Down by The Bay

October 1, 2009 | By More

Story by Dianne Edwards

When Robert and Virginia Edwards begin thinking about the perfect place to build their dream home and retire, the decision was easy. With family living in both the Little Rock and Fort Smith areas, Dardanelle was an ideal choice. 

Couple that with the fact that Bob was an avid fisherman with plans to further concentrate on his golf game, the Bay Ridge area was a perfect location.

The pair had previously lived and worked in North Little Rock since their three children were young. Bob retired from Mapco/ Williams in 1998. Virginia was employed by Glover Equipment in North Little Rock and also assisted Bob in his home office before his retirement.

They had maintained a small lake house at Round Mountain on Lake Dardanelle since the mid-70s. There the family water-skied, swam and fished, even duck hunted when the seasons permitted. The lake house was the perfect weekend retreat for a hard-working couple with teenaged children.

The family later grew to include their children’s spouses and grandchildren. With the thought of retirement in their future, the pair began planning their dream home. Virginia began collecting thoughts and ideas on paper, storing examples in a library of books for more than five years before the decision to build. She recommends that same process to anyone contemplating building a home.

The pair purchased 15 acres of undeveloped land on Bay Ridge Road in Dardanelle, just feet from the golf course and less than a mile to the Dardanelle Marina and boat launch. An additional five acres containing a small farmhouse located roadside of the property became available a few years later. They purchased that land and began using the house as a weekend retreat. The house served as ‘home base’ as they began clearing the property in anticipation of building their new home. The home was later sold and moved just north of its previous location when the new home was completed in September 1998.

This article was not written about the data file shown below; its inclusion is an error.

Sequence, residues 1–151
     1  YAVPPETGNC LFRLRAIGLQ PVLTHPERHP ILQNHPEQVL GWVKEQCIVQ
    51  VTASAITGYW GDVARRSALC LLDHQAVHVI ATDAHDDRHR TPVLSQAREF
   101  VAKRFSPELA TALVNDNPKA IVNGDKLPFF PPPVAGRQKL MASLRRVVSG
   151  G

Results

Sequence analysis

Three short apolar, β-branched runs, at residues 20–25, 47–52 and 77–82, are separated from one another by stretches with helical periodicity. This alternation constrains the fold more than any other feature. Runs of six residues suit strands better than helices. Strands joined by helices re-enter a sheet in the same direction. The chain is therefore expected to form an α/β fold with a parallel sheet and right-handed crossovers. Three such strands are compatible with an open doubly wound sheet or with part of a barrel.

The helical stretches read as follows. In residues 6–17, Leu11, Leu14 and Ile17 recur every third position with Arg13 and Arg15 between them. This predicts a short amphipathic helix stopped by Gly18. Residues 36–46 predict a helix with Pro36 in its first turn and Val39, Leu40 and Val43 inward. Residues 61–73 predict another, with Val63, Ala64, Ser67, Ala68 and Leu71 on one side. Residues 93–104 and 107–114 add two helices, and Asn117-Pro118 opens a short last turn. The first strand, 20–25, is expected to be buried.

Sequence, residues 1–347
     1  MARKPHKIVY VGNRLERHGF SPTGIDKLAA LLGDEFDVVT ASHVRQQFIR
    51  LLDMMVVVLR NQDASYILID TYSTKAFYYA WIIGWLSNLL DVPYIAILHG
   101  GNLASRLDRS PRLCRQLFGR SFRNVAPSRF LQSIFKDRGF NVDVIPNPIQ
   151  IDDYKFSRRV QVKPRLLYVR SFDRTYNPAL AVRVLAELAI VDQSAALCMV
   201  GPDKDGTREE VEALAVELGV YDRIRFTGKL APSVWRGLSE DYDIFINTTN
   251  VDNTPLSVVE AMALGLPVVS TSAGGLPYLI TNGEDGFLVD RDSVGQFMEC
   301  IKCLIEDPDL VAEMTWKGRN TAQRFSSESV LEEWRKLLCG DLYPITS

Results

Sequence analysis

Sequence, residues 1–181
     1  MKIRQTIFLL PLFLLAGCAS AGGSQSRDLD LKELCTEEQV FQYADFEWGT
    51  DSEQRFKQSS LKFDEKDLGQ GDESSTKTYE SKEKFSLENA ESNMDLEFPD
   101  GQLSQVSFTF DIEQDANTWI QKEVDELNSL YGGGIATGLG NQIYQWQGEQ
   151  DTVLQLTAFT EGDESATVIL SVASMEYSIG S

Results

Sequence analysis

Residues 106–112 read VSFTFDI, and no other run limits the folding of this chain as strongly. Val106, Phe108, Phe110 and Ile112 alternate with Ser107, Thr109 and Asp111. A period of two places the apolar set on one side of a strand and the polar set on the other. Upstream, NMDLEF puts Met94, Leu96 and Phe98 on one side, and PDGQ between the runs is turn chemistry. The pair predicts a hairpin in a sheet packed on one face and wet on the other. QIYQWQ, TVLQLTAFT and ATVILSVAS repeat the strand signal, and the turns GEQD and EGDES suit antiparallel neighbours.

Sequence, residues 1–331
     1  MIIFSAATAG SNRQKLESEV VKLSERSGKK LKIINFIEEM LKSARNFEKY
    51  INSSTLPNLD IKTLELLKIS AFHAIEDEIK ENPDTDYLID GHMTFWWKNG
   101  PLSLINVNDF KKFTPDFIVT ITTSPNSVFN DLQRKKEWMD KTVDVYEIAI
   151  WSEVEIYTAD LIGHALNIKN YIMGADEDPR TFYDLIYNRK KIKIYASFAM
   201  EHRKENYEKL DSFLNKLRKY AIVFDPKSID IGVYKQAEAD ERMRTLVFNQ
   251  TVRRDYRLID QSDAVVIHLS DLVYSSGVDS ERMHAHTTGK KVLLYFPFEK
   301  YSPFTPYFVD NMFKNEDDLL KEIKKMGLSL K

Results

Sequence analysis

Bob’s oldest brother Willis Edwards, a small equipment operator from Roland, Okla., spent hours on the ground work, moving and shaping the land before construction of the 3,700 sq. ft. home began in February 1998. Younger brother Dan Edwards, also from Roland, constructed two steel bridges that link portions of the acreage across a creek which meanders through the center of the property. Their work is especially treasured as Bob has lost both brothers since the home was constructed.

The Edwards’ dream home is located close to Lion’s Den Golf Club. Lion’s Den, known previously as the former Bay Ridge Golf Club, was the location where PGA champion John Daly learned how to play golf. He purchased the club in 2005, giving the location its present name. More than 230 members were recorded earlier this year.

Lion’s Den is a semi-private 60-acre, 18- hole course featuring 6,036 yards of golf from the longest tees for a par of 72. The club includes a swimming pool, clubhouse, and restaurant, plus a pro-shop (named Mama Lou’s in honor or Daly’s late mother.) The course is an easy golf-cart ride down Bay Ridge Drive for Bob.

A number of modifications were made to the original blueprints to further ‘custom-design’ the split-floor plan of the home. Arched windows were selected to accent the formal dining room and front guest bedroom. An outside dormer and barrel ceiling in the living room add more visual focus.

Music speakers are built into almost every wall of the home, a critical element as Virginia notes that ‘music makes work okay.’ The controls can be isolated by room. Each room in the house includes connections for phone, cable or satellite.

There is also remote lighting, accessed both by remote control and switch when desired. All doors were designed to clear any rug or carpet used in the home.

One room serves as the collection point for Virginia’s craftwork, which includes painting, handiwork and her sewing and hobby supplies. It contains a large closet with built- in shelving to house seasonal décor and decorative items. A talented seamstress and designer, she is responsible for the home’s décor and constructed the draperies and window treatments in the home.

A formal dining room, formal living room and large kitchen/dining area allow for the comfortable gatherings of large groups. Whether family or friends, the home easily accommodates the mix and mingle required by groups such as church, gardening, hiking club, social events and, most recently, a reunion/potluck of the Edwards’ side of the family. More than several dozen people have easily been accommodated in the spacious arrangement.